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Larry Donnelly: It’s definitely advantage Biden - but watch Pennsylvania

Larry Donnelly’s rational self tells him that Joe Biden will win – but does lightning ever strike twice?

Larry Donnelly Law lecturer, NUI Galway

TWO WEEKS AGO, I was very confident that Joe Biden would vanquish Donald Trump on Tuesday and be inaugurated as the 46th President of the United States in January.

As I wrote here, “every reliable indicator signals the same conclusion: without a huge stroke of luck, a political miracle so to speak, Trump is done.”

In today’s final column prior to the day the world has been waiting for, I had planned to ponder President Trump’s legacy. And I will do so, yet briefly and tentatively, and not before re-evaluating the dynamics of this race. See, I have a niggling feeling about Pennsylvania.

When processing the numbers on the interactive map available at 270towin.com – something I’ve done countless times – among my fundamental assumptions has been that Joe Biden would prevail in the three states that put Trump over the top in 2016: Michigan, Pennsylvania and Wisconsin. Michigan and Pennsylvania had not gone for a Republican since 1988; Wisconsinites endorsed Ronald Reagan in 1984 and had opted for Democrats in the seven subsequent contests.

As has been repeatedly noted since, Trump’s margin was wafer thin. Less than 80,000 out of approximately 13,000,000 votes collectively cast by residents of the three states separated him and Hillary Clinton.

This year, aggregated polling on RealClearPolitics.com has consistently shown Joe Biden in front in each. He still is. Barack Obama’s vice-president is up by more than 8% in Michigan and by 6% in Wisconsin. These leads appear insurmountable.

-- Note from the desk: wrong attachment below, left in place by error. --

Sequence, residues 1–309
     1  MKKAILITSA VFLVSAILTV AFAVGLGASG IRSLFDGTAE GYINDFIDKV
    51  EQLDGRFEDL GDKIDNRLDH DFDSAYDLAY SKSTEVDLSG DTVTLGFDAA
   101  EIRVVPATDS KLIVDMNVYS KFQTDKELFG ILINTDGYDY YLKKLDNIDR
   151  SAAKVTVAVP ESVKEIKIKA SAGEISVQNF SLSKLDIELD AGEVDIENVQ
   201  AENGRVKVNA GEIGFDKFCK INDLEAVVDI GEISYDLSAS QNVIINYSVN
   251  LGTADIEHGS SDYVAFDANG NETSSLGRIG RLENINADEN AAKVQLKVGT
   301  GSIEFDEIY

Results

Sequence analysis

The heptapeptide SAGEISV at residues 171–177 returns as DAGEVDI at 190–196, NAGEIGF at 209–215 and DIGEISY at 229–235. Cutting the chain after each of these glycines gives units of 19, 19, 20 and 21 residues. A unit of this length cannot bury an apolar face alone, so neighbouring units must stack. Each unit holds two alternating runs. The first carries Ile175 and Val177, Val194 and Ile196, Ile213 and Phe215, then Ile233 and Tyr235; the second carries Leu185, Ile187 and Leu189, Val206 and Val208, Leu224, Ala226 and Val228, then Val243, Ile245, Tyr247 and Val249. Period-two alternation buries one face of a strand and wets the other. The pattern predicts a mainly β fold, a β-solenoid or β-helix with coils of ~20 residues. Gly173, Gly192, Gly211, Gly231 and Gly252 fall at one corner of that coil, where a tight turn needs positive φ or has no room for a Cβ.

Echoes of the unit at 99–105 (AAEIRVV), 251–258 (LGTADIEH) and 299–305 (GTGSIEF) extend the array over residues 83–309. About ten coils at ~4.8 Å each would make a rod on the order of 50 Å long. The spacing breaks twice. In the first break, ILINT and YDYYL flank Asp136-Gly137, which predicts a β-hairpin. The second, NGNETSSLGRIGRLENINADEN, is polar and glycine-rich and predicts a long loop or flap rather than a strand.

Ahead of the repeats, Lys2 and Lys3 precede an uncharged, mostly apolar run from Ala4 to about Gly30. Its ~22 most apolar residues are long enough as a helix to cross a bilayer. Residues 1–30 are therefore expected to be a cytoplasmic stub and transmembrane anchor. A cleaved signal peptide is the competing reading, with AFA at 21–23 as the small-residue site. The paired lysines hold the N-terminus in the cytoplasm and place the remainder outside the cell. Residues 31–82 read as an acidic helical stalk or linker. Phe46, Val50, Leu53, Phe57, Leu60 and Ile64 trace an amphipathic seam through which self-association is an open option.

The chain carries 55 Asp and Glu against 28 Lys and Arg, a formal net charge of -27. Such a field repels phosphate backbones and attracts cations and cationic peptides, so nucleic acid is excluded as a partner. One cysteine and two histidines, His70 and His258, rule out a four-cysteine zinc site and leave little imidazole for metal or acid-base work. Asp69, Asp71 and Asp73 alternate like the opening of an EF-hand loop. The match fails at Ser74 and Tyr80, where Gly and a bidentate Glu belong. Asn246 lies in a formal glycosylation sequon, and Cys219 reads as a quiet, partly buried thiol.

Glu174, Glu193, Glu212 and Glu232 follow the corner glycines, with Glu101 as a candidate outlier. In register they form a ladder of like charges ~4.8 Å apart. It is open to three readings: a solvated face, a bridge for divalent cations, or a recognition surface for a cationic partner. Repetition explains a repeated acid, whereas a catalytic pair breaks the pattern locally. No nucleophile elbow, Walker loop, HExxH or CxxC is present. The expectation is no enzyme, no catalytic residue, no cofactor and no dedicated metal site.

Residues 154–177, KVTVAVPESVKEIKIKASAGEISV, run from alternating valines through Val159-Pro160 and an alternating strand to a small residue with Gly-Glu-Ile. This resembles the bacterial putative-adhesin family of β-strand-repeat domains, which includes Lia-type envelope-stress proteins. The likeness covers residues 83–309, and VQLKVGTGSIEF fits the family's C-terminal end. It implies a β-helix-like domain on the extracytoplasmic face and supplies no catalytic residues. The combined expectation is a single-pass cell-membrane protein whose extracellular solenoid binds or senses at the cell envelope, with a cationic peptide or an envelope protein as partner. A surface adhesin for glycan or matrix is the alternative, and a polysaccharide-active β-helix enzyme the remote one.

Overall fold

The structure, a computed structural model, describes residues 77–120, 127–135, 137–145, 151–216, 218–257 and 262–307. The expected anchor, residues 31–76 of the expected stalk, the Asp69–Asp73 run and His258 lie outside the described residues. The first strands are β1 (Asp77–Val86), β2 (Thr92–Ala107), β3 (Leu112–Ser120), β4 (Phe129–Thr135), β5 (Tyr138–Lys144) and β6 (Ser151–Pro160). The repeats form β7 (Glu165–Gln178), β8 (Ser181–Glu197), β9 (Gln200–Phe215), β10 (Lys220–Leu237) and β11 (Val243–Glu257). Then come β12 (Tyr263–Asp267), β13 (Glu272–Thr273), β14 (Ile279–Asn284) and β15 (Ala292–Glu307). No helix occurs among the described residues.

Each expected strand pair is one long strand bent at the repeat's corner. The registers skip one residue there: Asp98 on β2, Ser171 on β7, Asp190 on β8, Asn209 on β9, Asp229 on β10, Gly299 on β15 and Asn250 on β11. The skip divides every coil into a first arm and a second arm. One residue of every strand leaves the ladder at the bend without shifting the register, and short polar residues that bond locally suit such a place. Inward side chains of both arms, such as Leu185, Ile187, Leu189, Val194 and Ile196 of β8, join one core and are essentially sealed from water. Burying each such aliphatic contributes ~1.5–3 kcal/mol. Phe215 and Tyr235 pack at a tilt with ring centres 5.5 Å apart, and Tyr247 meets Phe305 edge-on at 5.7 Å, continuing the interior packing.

For Joe Biden is far more personally popular than the former Secretary of State and First Lady. While he may initially have been perceived as a businessman, an outsider and the antithesis of politics as usual, Donald Trump is now a controversial incumbent whose abhorrent behaviour has alienated a not inconsiderable swathe of the electorate, especially women, who lent their votes to him to kick the system in the teeth.

Additionally, the Black Lives Matter movement’s righteous anger in the wake of gross police misconduct and its consequent mobilisation, coupled with the president’s thumbing his nose at its legitimate grievances, has to translate into an increased turnout of voters of colour.

Emotions and logic

And there is another factor: Team Trump have waged a poor campaign focused almost exclusively on an oft-heralded base with little regard for the “soft Trump” and/or persuadable voters he needs to get a second term.

This logic underpinning the consensus view that Joe Biden occupies the pole position is straightforward and objectively unassailable. Logic is often superseded by emotions in politics, though. And when it comes to President Trump, emotions run extraordinarily high. This is manifest on social media.

Recently, after endeavouring to offer a neutral assessment of the state of play in the campaign on Twitter, I was described, on the one hand, as someone blinded by anti-Trump bias and, on the other, as a shy Trump supporter. My experience is not unique. Donald Trump deludes.

More importantly, however, fervent emotion is evident on the ground in Pennsylvania. Just about everyone concedes that the polls, even allowing for the doubts of some Democrats as to the reliability of the data, have tightened. RealClearPolitics.com has Biden, who was born in Scranton, a small city in the northeast of the state, hovering ahead by 4 percentage points.